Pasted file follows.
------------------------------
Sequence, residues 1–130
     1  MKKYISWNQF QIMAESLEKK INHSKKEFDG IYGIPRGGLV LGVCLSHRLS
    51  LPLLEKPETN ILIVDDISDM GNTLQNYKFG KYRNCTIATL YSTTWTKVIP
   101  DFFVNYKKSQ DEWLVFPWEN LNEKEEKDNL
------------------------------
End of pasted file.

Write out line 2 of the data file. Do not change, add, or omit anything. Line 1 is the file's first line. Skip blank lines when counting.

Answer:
     1  MKKYISWNQF QIMAESLEKK INHSKKEFDG IYGIPRGGLV LGVCLSHRLS